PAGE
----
Humanity key to solving housing crisis
I've been a little off my angry, fighting game lately because I have had an answer on my quake house - one of four attached units. After what I believe to be an excruciatingly long and character-destroying time of being ignored and fobbed off by claims managers, my claim was finally given to someone competent. It is a total constructive loss.
However, just because my situation has been eased, does not mean I am blind to people struggling in other parts of the city.
As evidenced from some of the ridiculous and hateful comments following a couple of stories run in this section last month, I can only believe that people read what they want to read.
One story in Mainlander suggested Ngai Tahu will bring a cultural change to the rebuild, the other was about a Ngai Tahu-gifted sculpture unveiled at Scott Base.
"What next?" Anonymous Commenter said. "Will they put a claim on the moon?"
My point is not that prejudice is alive and thriving but that too many people zero in on words or images that get their goat. Their minds begin to close but not before a few narrow thoughts squeeze through the gap like Indiana Jones escaping the Temple of Doom.
The same can be said for the housing situation in Christchurch.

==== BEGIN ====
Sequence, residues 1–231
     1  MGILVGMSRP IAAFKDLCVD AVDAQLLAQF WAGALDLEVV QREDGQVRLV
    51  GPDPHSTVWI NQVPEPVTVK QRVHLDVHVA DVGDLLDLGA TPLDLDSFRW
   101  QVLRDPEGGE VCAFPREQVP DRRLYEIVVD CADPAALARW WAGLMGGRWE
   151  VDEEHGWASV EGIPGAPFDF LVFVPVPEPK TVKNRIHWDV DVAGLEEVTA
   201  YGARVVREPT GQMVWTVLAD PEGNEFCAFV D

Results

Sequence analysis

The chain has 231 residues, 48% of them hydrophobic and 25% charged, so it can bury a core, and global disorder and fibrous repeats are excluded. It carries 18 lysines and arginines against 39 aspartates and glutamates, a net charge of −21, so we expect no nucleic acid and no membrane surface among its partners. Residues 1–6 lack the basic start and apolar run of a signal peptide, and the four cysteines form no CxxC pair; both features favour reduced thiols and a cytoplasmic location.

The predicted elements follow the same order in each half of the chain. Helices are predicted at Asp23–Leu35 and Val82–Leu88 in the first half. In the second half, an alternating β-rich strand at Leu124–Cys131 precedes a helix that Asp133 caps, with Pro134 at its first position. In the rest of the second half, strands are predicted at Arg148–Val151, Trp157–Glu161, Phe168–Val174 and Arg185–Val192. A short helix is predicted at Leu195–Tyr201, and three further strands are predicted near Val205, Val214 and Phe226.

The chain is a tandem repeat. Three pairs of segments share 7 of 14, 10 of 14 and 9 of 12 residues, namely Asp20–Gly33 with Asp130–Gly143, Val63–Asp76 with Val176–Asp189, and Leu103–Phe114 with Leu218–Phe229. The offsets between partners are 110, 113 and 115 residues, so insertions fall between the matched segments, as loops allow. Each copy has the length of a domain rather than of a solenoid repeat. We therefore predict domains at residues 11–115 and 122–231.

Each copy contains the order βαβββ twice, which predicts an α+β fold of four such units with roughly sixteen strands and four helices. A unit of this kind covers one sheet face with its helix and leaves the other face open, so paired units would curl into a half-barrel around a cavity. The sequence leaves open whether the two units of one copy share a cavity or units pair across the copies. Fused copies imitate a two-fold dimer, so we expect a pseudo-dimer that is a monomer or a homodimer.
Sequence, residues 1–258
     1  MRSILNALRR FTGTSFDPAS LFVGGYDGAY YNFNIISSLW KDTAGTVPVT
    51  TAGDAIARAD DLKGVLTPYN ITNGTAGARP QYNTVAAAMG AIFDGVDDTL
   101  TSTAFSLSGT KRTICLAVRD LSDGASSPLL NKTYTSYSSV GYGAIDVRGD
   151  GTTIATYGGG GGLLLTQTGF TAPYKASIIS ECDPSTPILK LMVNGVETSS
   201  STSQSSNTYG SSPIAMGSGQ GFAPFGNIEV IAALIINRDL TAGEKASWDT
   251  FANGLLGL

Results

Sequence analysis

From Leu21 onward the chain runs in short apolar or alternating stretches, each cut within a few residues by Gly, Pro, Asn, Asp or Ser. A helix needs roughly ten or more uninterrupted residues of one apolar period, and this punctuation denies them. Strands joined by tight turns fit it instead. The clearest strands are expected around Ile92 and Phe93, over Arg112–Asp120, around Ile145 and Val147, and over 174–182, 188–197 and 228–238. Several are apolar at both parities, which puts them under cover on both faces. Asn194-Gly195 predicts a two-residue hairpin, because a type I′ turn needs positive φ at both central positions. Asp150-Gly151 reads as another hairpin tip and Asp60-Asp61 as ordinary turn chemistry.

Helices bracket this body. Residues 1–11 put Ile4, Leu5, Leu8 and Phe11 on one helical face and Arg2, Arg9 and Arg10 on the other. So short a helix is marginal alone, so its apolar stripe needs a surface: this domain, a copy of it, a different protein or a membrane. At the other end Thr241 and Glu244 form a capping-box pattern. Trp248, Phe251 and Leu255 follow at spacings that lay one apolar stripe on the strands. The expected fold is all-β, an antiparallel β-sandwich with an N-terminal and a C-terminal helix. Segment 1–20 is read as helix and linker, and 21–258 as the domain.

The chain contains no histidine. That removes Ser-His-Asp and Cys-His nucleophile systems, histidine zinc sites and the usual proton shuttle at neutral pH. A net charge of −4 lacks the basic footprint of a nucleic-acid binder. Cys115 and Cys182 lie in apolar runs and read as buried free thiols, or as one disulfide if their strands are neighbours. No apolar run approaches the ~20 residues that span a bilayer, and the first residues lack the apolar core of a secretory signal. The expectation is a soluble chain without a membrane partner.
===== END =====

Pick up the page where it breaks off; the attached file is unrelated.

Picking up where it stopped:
We see a person living in appalling conditions and think it must be their fault. It is two years on from an epic disaster and still we have people living in unacceptable conditions. Yet the minute those people pop their heads above water to illustrate the crisis, they are shot down for being no-hopers.
Last month, The Press carried the story of a woman and her child living in a garage. Shortly afterwards, Campbell Live aired the story of a man living in a car and a family struggling to find a rental because they had a dog.
I know a family of seven living in a sleepout.
Yet, still the housing crisis - the same housing crisis The Press has reported on for more than 18 months - has not been properly investigated or acknowledged by the people who ought to help.
Everyone knows the first step to recovery is admitting the problem, but instead of acknowledging it or presenting a plan we get an argument between Minister for Earthquake Recovery Gerry Brownlee and the Christchurch City Council over the delay in reparation of social housing.
It shouldn't be a question of politics because it is a question of base humanity. It is not good enough. Nowhere near. Not by anybody's book.
I can speak with much authority what not having a permanent place to call home can do to one's mental state. It does nothing good.
Then there is the problem of health.
Can you imagine what living in a garage does to, say, a bronchial system or self-esteem?
Now imagine two adults and five children, aged 3 months to 14 years, living in a sleepout.
Five kids in a playground can elicit an argument but five in one room?
For this family, patience is now very hard to come by but with everyone sharing such a small space, colds and nits are not.
Over-crowding is a consequence of the earthquake and what this will do for relationships, the spread of social disease and mental health is obvious.
No-one is being helped by simply looking at these stories and judging the people who live in these situations as worthless.
Whatever or whoever they are, they will make no contribution to society or the shape of our future Christchurch living as they are.
The nation has concern for child poverty in terms of school lunches. What about where they live?